Mild cases of acute UTI may disappear on their own without treatment. However, because of the risk of the infection spreading to the kidneys (complicated UTI), treatment is usually recommended.
In most cases, treatment can be done on an outpatient basis.
Antibiotics may be used to control the bacterial infection. It is very important that you finish all of your prescribed antibiotics. Commonly used antibiotics include:
- Fluoroquinolones (levaquin)
- Penicillins (amoxicillin)
- Quinolones (ciprofloxacin)
- Sulfa drugs (sulfonamides)
- Tetracyclines (doxycycline)
Medications to relax the bladder spasms (anticholinergics) may also be given.
Phenazopyridine hydrochloride (Pyridium) may be used to reduce burning and urinary urgency.
Surgery is generally not needed for catheter-related urinary tract infection. However, chronic in-body catheters (Foley or suprapubic tube) should be changed every month. Proper sterile techniques must be used.
Increasing the amount of fluids to 2,000 – 4,000 cc per day encourages frequent urination. This flushes bacteria from the bladder. Avoid fluids that irritate the bladder, such as alcohol, citrus juices, and caffeine.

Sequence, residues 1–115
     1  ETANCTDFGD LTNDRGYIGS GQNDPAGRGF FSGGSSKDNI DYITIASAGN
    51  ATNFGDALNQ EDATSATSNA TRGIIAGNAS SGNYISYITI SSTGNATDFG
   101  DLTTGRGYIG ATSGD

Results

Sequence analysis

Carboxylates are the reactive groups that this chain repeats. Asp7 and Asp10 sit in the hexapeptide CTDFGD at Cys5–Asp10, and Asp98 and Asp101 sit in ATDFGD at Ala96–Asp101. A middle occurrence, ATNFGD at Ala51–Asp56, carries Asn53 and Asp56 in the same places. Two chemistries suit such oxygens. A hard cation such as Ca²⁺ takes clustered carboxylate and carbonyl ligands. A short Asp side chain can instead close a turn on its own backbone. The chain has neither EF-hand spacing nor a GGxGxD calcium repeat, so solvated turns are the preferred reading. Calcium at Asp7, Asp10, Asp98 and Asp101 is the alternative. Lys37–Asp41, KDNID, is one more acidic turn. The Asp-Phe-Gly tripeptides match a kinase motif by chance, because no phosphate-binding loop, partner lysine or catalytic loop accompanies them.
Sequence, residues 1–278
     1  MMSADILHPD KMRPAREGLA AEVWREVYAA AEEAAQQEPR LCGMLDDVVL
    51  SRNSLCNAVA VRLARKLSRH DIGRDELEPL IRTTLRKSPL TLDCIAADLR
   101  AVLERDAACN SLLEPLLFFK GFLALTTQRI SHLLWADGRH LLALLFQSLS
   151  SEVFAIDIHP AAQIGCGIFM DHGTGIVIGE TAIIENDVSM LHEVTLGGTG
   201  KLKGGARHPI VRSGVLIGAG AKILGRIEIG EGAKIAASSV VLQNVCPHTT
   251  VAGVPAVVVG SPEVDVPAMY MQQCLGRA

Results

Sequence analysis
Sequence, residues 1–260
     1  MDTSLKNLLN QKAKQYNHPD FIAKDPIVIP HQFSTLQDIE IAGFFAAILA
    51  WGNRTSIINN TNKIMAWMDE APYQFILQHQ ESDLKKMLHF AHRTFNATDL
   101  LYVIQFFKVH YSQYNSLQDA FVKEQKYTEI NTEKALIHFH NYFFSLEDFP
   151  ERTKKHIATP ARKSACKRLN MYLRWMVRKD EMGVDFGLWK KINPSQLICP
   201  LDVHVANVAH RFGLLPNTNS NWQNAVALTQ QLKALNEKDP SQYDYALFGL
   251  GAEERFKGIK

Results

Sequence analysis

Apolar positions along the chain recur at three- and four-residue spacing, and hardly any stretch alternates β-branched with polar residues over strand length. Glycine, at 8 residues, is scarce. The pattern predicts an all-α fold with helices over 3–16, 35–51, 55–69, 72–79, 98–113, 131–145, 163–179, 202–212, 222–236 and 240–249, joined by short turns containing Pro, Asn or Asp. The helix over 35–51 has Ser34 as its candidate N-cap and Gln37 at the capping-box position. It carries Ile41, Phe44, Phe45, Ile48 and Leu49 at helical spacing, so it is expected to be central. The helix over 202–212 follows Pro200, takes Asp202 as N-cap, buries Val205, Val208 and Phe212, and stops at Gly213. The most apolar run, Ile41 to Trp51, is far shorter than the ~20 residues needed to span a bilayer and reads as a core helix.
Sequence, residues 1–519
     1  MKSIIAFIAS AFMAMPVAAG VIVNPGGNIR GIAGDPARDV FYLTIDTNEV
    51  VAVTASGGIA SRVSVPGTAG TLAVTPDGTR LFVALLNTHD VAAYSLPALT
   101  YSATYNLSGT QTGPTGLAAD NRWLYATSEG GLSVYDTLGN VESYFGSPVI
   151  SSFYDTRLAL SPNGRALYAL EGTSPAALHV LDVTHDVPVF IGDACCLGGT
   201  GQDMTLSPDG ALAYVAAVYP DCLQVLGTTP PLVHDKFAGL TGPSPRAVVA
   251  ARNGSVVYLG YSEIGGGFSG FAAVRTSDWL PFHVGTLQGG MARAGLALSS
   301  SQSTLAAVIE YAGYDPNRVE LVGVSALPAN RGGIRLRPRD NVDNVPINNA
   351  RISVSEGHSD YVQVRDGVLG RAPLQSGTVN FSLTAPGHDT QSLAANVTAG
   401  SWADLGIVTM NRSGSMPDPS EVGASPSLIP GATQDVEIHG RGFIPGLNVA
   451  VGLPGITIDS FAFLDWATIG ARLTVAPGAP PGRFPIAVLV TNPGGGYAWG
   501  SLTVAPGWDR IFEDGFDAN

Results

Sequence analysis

Follow-up may include urine cultures to ensure that bacteria are no longer present in the bladder.
Cystitis associated with catheters is often difficult to treat. Most people who have a catheter in place for any period of time will develop some degree of cystitis.
- Chronic or recurrent urinary tract infection
- Complicated UTI
Calling Your Health Care Provider
Call your health care provider if you have symptoms of cystitis or a catheter-related UTI.
If you have cystitis, call if symptoms worsen or new symptoms develop, especially:
- Back or flank pain
Review Date : 1/10/2010
Reviewed By : David Zieve, MD, MHA, Medical Director, A.D.A.M., Inc., and Louis S. Liou, MD, PhD, Assistant Professor of Urology, Department of Surgery, Boston University School of Medicine.